By National Social Security Advisor at the AMAC Foundation, the non-profit arm of the Association of Mature American Citizens
Ask Rusty – Should I Quit Work to Preserve My Social Security Benefit?
Dear Rusty: I recently took a big pay cut in my job. Several older friends have advised that I not continue to work much longer in this reduced paying job because it will affect my Social Security when I get ready to start drawing it. I’m currently 62 and thought about working until around 65. Friends are advising that my SS check will be smaller due to the decrease in pay. I have tried calling my local and National Social Security office and can’t get anyone to answer the phones to see if this is true. I don’t want to take this pay cut only to work (maybe) 3 more years and take a lower SS benefit when I can retire now and draw a bigger SS check. Advice please! Signed: Anxious About Social Security
Dear Anxious: I think your well-meaning friends are causing you unnecessary anxiety, because your Social Security benefit isn’t computed from your last several years of earnings. Rather it is your lifetime earnings which determines your base Social Security benefit, known as your Primary Insurance Amount” (PIA). Your PIA is what you get if you claim exactly at your full retirement age (FRA) which, for you, is 66 years and 10 months. If you claim SS before your FRA, your benefit will be permanently cut (by about 29% if you claim at 62 and about 12% if you claim at 65).
Your PIA is computed using the highest earning 35 years of earnings (adjusted for inflation) over your lifetime, and your most recent earnings would affect your SS benefit only to the extent they are among the lifetime 35 years used. If you don’t yet have a full 35 years of earnings, then to quit working now would actually hurt your SS benefit, because SS always uses 35 years to compute your benefit, even if you don’t have a full 35 years of earnings. In that case, they would use “zero” earnings for enough years to make it 35, and those zero-earning years would mean a smaller benefit. So even if your recent earnings are lower than before, they are still more than the $0 that SS will use if you don’t have at least 35 years, so those lower earnings will help your SS benefit not hurt it.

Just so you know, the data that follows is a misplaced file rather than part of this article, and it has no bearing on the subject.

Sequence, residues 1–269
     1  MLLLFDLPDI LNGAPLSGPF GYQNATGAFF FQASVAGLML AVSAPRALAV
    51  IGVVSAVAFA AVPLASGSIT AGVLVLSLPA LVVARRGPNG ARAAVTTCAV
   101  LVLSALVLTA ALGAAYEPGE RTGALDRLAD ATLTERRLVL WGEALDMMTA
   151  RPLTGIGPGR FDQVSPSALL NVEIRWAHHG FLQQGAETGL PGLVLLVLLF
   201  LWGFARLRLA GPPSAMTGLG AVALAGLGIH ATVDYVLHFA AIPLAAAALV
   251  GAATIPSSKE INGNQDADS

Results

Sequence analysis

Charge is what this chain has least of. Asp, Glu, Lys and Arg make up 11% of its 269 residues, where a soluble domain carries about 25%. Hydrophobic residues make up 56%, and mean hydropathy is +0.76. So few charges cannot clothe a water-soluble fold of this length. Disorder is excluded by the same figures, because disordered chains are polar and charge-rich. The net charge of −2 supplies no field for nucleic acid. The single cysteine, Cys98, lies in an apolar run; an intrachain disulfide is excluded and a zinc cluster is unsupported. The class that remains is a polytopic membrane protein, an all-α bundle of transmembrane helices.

The bottom line is this: your actual SS benefit won’t be cut just because you now have lower earnings; rather your benefit will be based on your highest earning 35 years over your lifetime. But any benefit estimate you now have assumed you would continue to earn at your most recently reported level until you reach your FRA so, whether you stop working now or just take a lower salary, your actual benefit when you claim will be less than your recent estimate from Social Security. Note too that it is a common misconception that SS benefits are based on the last ten years of earnings, but that is incorrect. Your benefit amount will be computed using your average monthly earnings over your lifetime (the 35 years in which you earned the most, adjusted for inflation).
This article is intended for information purposes only and does not represent legal or financial guidance. It presents the opinions and interpretations of the AMAC Foundation’s staff, trained and accredited by the National Social Security Association (NSSA). NSSA and the AMAC Foundation and its staff are not affiliated with or endorsed by the Social Security Administration or any other governmental entity. To submit a question, visit our website (amacfoundation.org/programs/social-security-advisory) or email us at email@example.com.